Over you (υμων). Objective genitive after εξουσιαν.
Do not we yet more? (ου μαλλον ημεισ;). Because of Paul's peculiar relation to that church as founder and apostle.
But we bear all things (αλλα παντα στεγομεν). Old verb to cover (στεγη, roof) and so to cover up, to conceal, to endure (1 Corinthians 13:7 of love). Paul deliberately declined to use (usual instrumental case with χραομα) his right to pay in Corinth.
That we may cause no hindrance (ινα μη τινα ενκοπην δωμεν). Late word ενκοπη, a cutting in (cf. radio or telephone) or hindrance from ενκοπτω, to cut in, rare word (like εκκοπη) here only in N.T. and once in Vettius Valens. How considerate Paul is to avoid "a hindrance to the gospel of Christ" (τω ευαγγελιω του Χριστου, dative case and genitive) rather than insist on his personal rights and liberties, an eloquent example for all modern men.
Sacred things (τα ιερα).
Of the temple (του ιερου). Play on the same word ιερου (sacred). See Numbers 18:8-20 for the details. This is a very pertinent illustration.
They which wait upon the altar (ο τω θυσιαστηριω παρεδρευοντες). Old word παρεδρευω, to sit beside, from παρ--εδρος, like Latin assidere, and so constant attendance. Only here in the N.T. Locative case θυσιαστηριω, late word found so far only in LXX, Philo, Josephus, N.T., and ecclesiastical writers. See on Matthew 5:23.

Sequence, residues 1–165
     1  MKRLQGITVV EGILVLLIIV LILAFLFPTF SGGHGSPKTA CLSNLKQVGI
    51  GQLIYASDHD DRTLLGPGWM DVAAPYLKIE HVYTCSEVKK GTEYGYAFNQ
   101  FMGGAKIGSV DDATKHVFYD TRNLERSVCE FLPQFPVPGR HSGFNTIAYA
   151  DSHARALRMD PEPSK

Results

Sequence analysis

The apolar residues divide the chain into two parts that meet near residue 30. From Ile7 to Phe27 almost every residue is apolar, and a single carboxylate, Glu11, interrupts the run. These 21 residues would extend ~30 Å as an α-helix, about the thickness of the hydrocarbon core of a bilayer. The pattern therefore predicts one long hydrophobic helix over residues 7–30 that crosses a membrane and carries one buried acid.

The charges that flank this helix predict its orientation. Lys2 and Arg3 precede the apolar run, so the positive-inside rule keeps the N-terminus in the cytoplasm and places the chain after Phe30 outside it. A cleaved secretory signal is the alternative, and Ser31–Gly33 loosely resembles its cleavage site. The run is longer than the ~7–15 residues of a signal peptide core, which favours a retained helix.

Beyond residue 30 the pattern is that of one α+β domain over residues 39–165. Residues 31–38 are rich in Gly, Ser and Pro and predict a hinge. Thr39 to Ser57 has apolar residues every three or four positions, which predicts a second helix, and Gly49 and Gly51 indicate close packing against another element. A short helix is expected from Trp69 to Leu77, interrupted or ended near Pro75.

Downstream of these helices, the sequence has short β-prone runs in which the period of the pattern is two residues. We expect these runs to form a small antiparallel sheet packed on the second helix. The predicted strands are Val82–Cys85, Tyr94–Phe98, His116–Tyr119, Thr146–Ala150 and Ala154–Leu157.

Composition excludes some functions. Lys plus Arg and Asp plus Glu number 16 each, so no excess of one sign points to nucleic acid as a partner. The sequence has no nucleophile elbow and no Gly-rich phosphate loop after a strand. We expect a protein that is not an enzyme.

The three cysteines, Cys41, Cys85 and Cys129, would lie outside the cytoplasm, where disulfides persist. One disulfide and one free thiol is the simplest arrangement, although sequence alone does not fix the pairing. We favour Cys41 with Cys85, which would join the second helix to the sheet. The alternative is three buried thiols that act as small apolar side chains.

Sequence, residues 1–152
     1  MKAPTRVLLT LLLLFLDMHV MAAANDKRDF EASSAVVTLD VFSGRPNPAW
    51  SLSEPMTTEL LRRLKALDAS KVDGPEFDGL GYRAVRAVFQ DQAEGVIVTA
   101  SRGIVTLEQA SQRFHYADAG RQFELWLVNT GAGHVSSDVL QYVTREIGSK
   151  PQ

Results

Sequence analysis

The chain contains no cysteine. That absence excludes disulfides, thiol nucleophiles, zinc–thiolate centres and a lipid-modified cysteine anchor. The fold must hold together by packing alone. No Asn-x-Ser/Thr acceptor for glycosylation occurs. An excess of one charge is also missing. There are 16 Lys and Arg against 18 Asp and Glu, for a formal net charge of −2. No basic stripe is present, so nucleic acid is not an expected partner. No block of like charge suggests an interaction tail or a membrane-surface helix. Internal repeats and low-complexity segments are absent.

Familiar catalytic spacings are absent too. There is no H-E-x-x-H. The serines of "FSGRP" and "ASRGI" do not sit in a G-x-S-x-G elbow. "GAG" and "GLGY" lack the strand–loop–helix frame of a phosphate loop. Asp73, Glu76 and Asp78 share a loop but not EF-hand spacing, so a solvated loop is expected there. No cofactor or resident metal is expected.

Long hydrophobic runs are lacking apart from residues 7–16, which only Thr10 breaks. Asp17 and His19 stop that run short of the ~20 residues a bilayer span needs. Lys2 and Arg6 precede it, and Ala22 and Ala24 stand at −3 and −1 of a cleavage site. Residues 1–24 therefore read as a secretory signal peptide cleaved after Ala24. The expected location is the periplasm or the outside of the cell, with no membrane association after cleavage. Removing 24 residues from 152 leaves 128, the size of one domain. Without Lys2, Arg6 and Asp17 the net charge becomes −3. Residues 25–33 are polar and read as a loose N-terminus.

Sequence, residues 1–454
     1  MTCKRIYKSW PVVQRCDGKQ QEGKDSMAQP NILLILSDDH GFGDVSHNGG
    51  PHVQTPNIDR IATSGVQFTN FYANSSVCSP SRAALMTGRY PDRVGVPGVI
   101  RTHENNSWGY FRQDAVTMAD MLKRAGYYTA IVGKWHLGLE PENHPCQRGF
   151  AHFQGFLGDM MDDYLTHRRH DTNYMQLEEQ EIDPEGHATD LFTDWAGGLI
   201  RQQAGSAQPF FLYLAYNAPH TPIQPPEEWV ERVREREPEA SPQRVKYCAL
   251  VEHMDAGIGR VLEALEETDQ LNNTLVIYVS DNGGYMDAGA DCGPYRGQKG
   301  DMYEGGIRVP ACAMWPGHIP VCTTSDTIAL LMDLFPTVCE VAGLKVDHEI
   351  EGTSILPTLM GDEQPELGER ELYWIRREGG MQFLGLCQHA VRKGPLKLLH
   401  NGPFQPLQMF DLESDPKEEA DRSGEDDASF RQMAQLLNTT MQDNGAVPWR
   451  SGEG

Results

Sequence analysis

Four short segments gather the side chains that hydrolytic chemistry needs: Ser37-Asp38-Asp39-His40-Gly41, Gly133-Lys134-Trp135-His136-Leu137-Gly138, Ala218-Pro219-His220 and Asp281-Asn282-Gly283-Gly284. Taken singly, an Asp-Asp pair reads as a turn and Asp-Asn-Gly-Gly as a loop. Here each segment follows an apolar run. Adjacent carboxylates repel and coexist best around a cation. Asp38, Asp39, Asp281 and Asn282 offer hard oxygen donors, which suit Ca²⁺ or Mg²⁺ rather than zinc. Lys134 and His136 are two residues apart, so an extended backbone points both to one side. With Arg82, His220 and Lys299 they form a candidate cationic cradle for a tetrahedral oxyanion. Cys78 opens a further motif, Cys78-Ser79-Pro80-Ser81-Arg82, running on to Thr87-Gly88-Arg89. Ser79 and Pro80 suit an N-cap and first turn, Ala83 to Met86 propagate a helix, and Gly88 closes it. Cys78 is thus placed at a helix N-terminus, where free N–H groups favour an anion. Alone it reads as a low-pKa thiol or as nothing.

Even so did the Lord ordain (ουτως κα ο Κυριος διεταξεν). Just as God gave orders about the priests in the temple, so did the Lord Jesus give orders for those who preach the gospel to live out of the gospel (εκ του ευαγγελιου ζηιν). Evidently Paul was familiar with the words of Jesus in Matthew 10:10; Luke 10:7 either in oral or written form. He has made his argument for the minister's salary complete for all time.
For it were good for me to die, than that any man should make my glorying void (καλον γαρ μο μαλλον αποθανειν η το καυχημα μου ουδεις κενωσε). The tangled syntax of this sentence reflects the intensity of Paul's feeling on the subject. He repeats his refusal to use his privileges and rights to a salary by use of the present perfect middle indicative (κεχρημα). By the epistolary aorist (εγραψα) he explains that he is not now hinting for a change on their part towards him in the matter, "in my case" (εν εμο). Then he gives his reason in vigorous language without a copula (ην, were): "For good for me to die rather than," but here he changes the construction by a violent anacoluthon. Instead of another infinitive (κενωσα) after η (than) he changes to the future indicative without οτ or ινα, "No one shall make my glorying void," viz., his independence of help from them. Κενοω is an old verb, from κενος, empty, only in Paul in N.T. See on 1 Corinthians 1:17.